'Negro Propaganda Operations': Japan’s Short-Wave Radio Broadcasts for World War II Black Americans

Title'Negro Propaganda Operations': Japan’s Short-Wave Radio Broadcasts for World War II Black Americans
Publication TypeJournal Article
Year of Publication2010
AuthorsMasaharu, Sato, and Barak Kushner
JournalHistorical Journal of Film, Radio and Television
Start Page5
Date Published08/2010

World War II defines America. It is described as a war between good and evil–a war that the good side won. As with World War I, World War ll did not limit itself to the bloody trenches or exotically named beaches in distant islands. World War II was a psychological war, waged on a national and international level. Governments on both sides realised that victory depended on more than military might. The Americans and the Japanese outlined elaborate plans for the mobilisation of their own domestic civilian forces and programmes to demoralise the enemy's. Propaganda was crucial to successful military intervention. In this manner, World War II was a watershed in defining a multicultural America. Faced with Japanese propaganda from the Pacific, the US Government had to compete with a foreign military and government for the support of its own citizens–its minorities, in particular.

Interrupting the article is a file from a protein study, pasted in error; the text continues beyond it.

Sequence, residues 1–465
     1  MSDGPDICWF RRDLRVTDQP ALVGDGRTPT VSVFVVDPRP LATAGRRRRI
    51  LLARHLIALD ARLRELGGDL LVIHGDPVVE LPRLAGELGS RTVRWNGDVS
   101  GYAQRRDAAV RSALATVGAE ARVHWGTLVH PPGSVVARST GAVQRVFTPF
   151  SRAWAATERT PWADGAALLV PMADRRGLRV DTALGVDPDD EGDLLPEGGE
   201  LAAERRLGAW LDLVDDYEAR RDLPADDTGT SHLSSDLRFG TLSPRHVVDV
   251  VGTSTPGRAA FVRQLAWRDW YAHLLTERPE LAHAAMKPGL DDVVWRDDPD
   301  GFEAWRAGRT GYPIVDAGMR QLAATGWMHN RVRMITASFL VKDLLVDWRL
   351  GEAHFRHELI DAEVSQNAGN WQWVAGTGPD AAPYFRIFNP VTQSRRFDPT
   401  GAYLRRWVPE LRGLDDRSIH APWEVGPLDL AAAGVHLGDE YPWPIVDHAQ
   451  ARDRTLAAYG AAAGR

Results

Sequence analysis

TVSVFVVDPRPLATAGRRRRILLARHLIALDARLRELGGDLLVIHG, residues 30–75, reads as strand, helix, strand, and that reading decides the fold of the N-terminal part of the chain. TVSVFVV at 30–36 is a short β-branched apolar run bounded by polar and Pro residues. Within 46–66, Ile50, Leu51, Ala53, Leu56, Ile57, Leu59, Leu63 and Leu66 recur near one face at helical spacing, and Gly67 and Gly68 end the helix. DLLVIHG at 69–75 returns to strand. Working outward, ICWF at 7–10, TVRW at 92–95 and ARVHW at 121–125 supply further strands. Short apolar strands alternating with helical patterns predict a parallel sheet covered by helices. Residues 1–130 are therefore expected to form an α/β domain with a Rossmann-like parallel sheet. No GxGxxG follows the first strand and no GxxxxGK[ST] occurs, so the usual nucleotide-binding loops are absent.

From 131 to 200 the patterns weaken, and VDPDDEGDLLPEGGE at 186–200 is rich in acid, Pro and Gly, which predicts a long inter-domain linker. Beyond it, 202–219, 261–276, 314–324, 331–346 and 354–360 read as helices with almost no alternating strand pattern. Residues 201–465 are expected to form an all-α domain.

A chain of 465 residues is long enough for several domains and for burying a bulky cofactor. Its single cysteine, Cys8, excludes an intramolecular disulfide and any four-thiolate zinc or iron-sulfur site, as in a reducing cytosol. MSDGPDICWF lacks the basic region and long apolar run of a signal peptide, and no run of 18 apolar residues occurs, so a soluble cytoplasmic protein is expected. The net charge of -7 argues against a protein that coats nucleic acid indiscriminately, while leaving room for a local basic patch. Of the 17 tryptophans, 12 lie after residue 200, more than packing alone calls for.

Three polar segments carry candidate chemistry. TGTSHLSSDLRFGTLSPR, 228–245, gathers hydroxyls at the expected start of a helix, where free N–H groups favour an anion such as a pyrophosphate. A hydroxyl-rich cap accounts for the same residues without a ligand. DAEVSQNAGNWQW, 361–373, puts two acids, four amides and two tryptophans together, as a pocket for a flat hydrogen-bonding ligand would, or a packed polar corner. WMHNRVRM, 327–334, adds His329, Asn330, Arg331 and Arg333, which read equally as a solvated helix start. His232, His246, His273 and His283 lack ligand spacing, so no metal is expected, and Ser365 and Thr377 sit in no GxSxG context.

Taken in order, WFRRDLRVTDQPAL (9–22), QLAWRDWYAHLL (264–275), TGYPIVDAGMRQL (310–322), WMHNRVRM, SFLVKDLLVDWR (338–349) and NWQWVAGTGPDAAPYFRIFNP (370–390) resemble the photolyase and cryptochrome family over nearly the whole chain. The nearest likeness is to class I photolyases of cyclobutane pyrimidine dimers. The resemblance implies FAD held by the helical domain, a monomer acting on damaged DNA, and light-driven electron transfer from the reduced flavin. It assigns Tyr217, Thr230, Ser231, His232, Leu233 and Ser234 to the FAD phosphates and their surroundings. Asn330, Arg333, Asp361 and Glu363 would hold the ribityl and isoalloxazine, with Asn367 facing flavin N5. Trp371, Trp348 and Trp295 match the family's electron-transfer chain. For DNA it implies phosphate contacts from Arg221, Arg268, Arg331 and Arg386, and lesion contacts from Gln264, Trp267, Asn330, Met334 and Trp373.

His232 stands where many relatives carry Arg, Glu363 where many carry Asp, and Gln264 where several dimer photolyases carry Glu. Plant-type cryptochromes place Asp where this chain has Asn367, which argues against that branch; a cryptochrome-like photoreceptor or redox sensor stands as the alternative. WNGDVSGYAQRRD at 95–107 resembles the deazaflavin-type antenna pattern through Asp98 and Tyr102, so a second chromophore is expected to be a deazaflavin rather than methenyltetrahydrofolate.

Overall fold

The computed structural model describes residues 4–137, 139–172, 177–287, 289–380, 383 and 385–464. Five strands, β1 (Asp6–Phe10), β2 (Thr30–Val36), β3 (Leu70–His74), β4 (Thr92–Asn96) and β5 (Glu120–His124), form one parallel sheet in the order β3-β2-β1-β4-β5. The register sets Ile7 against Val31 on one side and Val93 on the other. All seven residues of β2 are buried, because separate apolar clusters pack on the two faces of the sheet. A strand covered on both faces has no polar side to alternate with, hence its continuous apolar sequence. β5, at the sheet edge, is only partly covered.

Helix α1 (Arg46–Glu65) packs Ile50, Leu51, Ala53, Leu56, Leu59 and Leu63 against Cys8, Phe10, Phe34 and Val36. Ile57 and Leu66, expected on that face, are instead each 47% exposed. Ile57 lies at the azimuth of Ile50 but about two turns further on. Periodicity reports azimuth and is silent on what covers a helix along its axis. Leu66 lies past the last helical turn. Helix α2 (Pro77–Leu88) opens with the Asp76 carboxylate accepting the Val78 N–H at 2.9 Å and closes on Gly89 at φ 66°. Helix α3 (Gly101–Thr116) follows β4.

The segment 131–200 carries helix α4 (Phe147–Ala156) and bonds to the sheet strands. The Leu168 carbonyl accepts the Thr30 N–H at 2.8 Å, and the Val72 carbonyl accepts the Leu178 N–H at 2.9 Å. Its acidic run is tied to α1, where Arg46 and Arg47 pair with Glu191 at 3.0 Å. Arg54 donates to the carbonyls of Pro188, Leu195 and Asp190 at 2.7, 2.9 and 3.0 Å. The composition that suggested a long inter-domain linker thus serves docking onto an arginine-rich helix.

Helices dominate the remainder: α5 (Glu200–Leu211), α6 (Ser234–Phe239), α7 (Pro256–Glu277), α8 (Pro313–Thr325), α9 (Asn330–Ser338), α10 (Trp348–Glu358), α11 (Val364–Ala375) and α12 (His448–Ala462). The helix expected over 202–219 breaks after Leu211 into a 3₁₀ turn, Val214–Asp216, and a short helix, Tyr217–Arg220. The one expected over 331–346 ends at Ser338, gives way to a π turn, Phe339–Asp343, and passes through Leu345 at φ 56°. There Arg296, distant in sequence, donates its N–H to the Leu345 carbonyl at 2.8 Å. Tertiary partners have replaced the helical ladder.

This article examines the vast network of Japanese propaganda activities, with special attention paid to the short-wave radio broadcasts aimed at Black Americans during World War II. The Japanese labelled these ‘Negro Propaganda Operations’. The article analyses what motivated Japanese Government interest in the Negro Propaganda Operations as a foreign propaganda strategy and highlight the subsequent information-gathering activities related to the short-wave broadcast Hi no Maru Hour. The research considers how the policy content of the Negro Propaganda Operations fitted into the overall Japanese propaganda policy structure and how the US Government and public responded to such efforts. [Introduction]

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